Tag Archives: Eighth Amendment

Ninth Circuit rules that cities can’t prosecute homeless for sleeping on the streets

This will no doubt help keep the homeless industrial complex alive.

From Fox News: Cities can’t prosecute people for sleeping on the streets if they have nowhere else to go because it amounts to cruel and unusual punishment, which is unconstitutional, a federal appeals court said Tuesday.

The 9th U.S. Circuit Court of Appeals sided with six homeless people from Boise, Idaho, who sued the city in 2009 over a local ordinance that banned sleeping in public spaces. The ruling could affect several other cities across the U.S. West that have similar laws.

It comes as many places across the West Coast are struggling with homelessness brought on by rising housing costs and income inequality.

When the Boise lawsuit was filed, attorneys for the homeless residents said as many as 4,500 people didn’t have a place to sleep in Idaho’s capital city and homeless shelters only had about 700 available beds or mats. The case bounced back and forth in the courts for years, and Boise modified its rules in 2014 to say homeless people couldn’t be prosecuted for sleeping outside when shelters were full.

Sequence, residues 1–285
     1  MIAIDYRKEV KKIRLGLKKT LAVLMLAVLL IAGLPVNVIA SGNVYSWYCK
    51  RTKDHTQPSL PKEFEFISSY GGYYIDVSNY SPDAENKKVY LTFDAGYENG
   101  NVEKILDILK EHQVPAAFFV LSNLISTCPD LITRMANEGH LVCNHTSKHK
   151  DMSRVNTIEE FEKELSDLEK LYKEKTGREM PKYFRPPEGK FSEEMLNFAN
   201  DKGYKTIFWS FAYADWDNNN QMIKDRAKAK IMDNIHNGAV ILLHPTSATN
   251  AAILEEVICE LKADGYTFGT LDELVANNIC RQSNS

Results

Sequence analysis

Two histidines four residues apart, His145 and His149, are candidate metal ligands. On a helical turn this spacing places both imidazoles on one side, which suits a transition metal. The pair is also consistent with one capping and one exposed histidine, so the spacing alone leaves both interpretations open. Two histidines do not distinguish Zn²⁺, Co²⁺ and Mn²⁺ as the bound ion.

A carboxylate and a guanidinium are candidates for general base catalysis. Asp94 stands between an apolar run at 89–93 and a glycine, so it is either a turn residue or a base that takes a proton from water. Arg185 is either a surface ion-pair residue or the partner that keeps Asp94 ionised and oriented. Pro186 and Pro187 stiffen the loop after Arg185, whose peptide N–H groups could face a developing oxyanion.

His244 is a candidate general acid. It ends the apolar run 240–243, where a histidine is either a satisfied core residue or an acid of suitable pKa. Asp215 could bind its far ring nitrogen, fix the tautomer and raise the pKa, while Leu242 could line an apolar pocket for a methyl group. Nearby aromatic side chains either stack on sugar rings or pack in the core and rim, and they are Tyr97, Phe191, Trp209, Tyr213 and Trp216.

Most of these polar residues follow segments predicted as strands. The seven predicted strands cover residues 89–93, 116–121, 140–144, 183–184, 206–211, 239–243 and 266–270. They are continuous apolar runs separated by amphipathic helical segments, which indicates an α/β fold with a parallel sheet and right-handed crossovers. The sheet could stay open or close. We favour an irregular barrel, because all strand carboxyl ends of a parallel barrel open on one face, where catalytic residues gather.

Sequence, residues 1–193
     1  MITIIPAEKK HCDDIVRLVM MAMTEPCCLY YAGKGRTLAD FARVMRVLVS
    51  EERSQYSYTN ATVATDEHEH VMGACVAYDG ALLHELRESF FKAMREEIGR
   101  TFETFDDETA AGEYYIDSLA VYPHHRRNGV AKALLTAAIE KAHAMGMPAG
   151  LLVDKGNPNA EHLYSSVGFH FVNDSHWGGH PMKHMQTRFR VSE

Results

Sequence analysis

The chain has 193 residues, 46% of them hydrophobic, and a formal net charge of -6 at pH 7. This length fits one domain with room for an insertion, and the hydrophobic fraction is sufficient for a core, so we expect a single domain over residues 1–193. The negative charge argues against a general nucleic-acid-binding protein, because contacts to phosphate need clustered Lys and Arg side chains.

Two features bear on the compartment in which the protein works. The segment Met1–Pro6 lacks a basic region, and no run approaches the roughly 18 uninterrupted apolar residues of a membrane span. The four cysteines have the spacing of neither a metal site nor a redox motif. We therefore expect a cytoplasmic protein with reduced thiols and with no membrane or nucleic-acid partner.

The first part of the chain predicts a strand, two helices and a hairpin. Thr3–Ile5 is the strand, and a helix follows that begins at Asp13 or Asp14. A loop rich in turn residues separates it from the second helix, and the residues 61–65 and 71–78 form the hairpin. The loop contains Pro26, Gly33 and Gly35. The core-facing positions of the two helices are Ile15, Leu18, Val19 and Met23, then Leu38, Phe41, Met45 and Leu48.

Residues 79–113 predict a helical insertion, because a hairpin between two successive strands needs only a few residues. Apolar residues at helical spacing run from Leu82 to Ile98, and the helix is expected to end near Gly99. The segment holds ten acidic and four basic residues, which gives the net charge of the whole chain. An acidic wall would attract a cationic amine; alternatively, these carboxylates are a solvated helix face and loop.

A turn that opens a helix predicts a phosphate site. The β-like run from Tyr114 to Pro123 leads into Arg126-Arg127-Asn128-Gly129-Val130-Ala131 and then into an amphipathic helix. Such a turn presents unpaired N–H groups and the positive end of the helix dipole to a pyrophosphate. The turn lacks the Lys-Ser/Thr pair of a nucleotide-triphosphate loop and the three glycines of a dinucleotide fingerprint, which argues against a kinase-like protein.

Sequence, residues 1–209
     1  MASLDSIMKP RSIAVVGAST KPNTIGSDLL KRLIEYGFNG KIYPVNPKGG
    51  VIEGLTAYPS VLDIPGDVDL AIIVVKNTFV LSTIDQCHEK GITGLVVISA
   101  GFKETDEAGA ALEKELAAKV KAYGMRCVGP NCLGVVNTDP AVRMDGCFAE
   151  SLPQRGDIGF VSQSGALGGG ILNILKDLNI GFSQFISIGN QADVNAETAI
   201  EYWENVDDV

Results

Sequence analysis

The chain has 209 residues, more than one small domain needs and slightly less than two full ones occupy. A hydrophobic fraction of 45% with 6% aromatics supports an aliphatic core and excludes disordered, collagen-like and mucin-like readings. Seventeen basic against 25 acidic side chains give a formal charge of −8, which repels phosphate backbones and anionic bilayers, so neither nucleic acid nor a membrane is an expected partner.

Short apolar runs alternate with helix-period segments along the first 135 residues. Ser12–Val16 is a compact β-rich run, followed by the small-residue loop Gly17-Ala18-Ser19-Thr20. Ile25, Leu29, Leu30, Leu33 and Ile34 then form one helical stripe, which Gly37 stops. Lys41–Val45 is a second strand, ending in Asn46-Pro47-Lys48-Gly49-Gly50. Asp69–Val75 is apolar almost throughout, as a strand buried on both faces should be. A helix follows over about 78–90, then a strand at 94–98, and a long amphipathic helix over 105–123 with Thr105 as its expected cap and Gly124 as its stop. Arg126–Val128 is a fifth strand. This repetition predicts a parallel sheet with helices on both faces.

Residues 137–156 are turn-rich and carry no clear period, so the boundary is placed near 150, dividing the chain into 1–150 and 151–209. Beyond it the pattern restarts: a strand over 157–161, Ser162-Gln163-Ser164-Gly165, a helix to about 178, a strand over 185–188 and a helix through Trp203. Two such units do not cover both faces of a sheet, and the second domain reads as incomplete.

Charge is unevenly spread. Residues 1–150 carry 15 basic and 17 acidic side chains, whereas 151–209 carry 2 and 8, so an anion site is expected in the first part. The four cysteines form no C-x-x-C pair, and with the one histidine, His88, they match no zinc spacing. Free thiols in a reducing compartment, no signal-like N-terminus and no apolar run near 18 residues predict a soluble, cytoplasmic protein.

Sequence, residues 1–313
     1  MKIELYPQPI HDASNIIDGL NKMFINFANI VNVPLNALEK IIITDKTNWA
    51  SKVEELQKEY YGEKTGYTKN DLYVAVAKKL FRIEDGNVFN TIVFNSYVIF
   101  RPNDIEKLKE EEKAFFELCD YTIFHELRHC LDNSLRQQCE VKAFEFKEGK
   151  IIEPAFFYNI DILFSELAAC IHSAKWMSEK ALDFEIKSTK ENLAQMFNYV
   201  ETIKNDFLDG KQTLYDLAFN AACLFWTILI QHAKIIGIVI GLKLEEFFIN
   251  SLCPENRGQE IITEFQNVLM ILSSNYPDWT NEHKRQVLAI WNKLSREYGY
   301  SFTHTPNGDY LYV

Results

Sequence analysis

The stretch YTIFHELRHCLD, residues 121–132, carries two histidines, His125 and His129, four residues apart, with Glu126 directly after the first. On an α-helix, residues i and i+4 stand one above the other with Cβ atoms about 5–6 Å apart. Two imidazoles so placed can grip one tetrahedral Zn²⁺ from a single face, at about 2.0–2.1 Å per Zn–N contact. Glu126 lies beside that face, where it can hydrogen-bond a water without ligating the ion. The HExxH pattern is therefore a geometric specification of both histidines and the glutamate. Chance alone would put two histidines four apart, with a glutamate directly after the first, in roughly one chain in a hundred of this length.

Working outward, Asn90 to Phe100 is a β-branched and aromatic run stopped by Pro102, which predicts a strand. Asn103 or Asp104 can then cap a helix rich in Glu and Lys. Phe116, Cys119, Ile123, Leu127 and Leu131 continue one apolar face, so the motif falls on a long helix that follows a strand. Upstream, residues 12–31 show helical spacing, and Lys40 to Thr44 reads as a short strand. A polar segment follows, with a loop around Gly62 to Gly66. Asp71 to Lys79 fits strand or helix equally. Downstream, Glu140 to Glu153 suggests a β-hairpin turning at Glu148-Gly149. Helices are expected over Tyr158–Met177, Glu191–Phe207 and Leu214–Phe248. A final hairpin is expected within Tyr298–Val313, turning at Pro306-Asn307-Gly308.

But that didn’t solve the problem, the attorneys said, because Boise’s shelters limit the number of days that homeless residents can stay. Two of the city’s three shelters also require some form of religious participation for some programs, making those shelters unsuitable for people with different beliefs, the homeless residents said.

The three-judge panel for the 9th Circuit found that the shelter rules meant homeless people would still be at risk of prosecution even on days when beds were open. The judges also said the religious programming woven into some shelter programs was a problem.

“A city cannot, via the threat of prosecution, coerce an individual to attend religion-based treatment programs consistently with the Establishment Clause of the First Amendment,” Judge Marsha Berzon wrote.

The biggest issue was that the city’s rule violated the U.S. Constitution’s Eighth Amendment against cruel and unusual punishment, the court found. The amendment limits what the government can criminalize, it said.